Review & photos by Rich Ward
On a bitterly cold November night in Nottingham, a class triple bill of hard rock bands turn up the heat to warm the cockles of a capacity Rescue Rooms.
First band on tonight’s bill is London’s Wild Lies. With their brand of hard edged rock veering into new metal territory they come across well. They sound so much better live than on their studio output which suffers from the same over-production that all bands of this ilk seem to currently favour, making it difficult to set them apart from competition. Live, tracks such as ‘The Animal’ and ‘Your Last Mistake’ come into their own and they prove to be a good choice of opening act, receiving a good reception from the crowd.
While the tour was a co-headline, tonight Inglorious are up next with Last In Line closing the show. Inglorious have come a long way quickly in the last year, releasing their debut at the start of it and cementing their reputation with lots of live dates and feeding off the support given from the likes of Planet Rock. Consequently, there are lot of people here tonight to see them, and right from the start with ‘Until I Die’ they go down a storm. Musically and visually they hark back very much to ’80s bombast and flamboyance with riff driven songs with big choruses and . Along with the traditional powerful rock stylings of Nathan James’ vocals, there’s an underlying bluesiness which makes it easy to draw comparisons to latter day Whitesnake or Bad Company, no more so on tracks like ‘Holy Water’ and ‘High Flying Gypsy’.
If there is a criticism it is that the inclusion of two covers (Rainbow’s ‘I Surrender’ and Whitesnake’s ‘Fool For Your Loving’) seems unnecessary in an hour long set. With album number two under their belts and awaiting release, I’d have much rather have heard more of their own material and some of the newer songs. A minor niggle on an otherwise excellent set, and hopefully 2017 will prove to be just as fruitful for the band.
A limited amount of material is no such problem for Last In Line; a band formed by Vivian Campbell, Jimmy Bain and Vinny Appice, all ex members of Ronnie James Dio’s finest solo albums, with the addition of Andrew Freeman on vocals. Sadly, tragedy struck just as the debut album, Heavy Crown, was released with the untimely death of Jimmy Bain. Uncertainty around whether the band would tour was put aside when Phil Soussan stepped in to the bassist’s shoes with Erik Norlander rounding off the band on keyboards.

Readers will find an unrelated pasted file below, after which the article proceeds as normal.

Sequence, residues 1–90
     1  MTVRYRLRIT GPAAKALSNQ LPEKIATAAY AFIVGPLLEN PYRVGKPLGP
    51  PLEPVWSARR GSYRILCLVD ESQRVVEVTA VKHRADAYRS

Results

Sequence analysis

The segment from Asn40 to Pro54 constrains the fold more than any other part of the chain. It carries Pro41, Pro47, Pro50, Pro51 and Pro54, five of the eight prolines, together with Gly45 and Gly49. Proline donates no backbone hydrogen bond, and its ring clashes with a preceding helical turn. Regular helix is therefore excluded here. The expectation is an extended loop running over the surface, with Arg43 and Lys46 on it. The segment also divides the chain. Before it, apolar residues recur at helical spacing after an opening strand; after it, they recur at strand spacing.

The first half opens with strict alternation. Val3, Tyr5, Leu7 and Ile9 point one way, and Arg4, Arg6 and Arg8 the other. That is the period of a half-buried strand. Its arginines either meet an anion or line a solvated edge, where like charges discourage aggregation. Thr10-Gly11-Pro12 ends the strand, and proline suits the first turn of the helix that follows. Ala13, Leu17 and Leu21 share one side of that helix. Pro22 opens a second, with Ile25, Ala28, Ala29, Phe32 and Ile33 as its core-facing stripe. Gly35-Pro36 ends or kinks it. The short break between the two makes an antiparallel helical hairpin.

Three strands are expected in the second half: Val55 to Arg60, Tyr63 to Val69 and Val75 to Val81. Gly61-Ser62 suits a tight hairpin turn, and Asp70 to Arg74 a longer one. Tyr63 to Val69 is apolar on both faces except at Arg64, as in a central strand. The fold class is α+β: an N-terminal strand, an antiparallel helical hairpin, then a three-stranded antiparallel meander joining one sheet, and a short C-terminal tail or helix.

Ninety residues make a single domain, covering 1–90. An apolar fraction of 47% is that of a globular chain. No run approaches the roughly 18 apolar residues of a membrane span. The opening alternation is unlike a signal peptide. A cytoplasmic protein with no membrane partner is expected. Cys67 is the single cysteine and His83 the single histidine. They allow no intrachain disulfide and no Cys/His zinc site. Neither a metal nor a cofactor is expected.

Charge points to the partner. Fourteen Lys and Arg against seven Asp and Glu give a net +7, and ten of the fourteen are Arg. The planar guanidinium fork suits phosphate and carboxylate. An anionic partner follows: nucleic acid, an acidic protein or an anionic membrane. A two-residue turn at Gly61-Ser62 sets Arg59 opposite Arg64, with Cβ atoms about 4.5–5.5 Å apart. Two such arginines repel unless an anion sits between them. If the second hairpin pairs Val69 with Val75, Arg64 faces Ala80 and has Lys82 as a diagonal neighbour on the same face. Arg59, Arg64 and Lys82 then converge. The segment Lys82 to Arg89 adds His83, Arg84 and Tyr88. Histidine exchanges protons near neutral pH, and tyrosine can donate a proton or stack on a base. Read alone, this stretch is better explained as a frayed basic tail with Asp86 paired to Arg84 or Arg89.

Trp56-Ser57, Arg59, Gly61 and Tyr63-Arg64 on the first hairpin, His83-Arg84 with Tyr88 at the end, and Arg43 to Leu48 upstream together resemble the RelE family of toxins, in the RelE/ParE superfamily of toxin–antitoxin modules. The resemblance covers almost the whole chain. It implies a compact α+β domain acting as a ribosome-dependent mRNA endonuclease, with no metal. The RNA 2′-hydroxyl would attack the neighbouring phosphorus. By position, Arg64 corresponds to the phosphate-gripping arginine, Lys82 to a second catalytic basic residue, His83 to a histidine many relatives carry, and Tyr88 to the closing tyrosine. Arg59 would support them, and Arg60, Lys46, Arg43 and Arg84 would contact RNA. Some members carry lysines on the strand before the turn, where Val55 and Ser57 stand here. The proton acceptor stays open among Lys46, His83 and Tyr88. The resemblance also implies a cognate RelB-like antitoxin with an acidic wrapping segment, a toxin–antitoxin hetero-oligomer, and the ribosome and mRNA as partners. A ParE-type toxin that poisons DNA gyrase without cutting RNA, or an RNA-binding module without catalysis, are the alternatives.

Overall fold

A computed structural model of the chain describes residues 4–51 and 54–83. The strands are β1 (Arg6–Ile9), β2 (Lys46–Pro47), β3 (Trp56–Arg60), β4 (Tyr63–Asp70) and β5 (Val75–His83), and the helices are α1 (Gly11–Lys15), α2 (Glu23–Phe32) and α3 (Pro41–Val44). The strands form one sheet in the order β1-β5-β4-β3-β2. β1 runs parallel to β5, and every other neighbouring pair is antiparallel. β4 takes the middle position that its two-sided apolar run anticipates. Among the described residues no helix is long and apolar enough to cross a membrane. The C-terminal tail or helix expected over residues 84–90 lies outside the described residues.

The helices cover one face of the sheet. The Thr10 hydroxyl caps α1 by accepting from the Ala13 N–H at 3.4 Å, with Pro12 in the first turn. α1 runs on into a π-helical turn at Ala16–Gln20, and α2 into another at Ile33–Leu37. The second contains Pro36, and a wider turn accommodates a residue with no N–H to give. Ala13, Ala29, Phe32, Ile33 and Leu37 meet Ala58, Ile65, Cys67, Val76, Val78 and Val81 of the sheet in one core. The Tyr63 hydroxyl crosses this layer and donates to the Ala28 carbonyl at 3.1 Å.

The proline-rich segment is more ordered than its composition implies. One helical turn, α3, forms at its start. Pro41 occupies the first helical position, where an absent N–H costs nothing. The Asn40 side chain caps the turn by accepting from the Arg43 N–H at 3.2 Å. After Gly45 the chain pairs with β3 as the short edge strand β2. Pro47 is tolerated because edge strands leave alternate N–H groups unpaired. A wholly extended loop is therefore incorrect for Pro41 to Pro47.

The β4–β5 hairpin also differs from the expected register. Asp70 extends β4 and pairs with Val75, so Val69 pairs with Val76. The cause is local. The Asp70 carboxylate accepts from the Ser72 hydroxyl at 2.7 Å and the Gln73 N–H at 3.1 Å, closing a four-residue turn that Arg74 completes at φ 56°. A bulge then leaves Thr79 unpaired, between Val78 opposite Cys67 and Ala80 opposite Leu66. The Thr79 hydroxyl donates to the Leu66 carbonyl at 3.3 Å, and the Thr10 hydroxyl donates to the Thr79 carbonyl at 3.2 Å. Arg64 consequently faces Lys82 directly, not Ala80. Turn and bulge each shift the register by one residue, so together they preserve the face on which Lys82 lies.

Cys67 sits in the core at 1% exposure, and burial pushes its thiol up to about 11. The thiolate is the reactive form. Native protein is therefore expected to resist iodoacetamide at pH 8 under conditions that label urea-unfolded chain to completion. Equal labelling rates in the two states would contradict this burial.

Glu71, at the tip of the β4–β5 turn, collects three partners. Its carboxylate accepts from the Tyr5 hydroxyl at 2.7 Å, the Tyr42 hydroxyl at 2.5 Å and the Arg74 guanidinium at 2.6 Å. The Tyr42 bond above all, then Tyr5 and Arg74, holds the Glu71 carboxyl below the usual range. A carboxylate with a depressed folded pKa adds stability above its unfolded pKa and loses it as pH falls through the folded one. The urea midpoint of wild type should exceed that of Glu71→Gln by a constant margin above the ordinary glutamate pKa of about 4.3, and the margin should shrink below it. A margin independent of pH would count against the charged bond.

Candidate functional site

The opening notes of ‘Stand Up And Shout’ immediately takes the listener back in time to 1983 in a set that mixes nostalgia with a healthy dose of new material from the aforementioned Heavy Crown. It’s easy to forget just how many great songs were on the first three Dio albums with ‘Don’t Talk To Strangers’, ‘Holy Diver’ and ‘The Last In Line’ all sounding magnificent and turning up early in the set rather than closing it as one might expect.
Andrew Freeman has an unenviable job of singing the Dio material, but it’s a job he performs with aplomb and suitably impresses. So much so that the new material, particularly ‘Devil In Me’ and ‘Starmaker’, sits more than comfortably with the classics, successfully making Last In Line a contemporary proposition rather than what could easily have been just a tribute band. Of course, with the history of all the other band members, the musicianship is impeccable and tight. Furthermore, they all seem to be having a great time on stage so hopefully this won’t be the last time we see them, so whether you want to relive the classic Dio years or just see a damn fine rock band playing with passion and vigour, you’d not go wrong in catching a show on their next visit.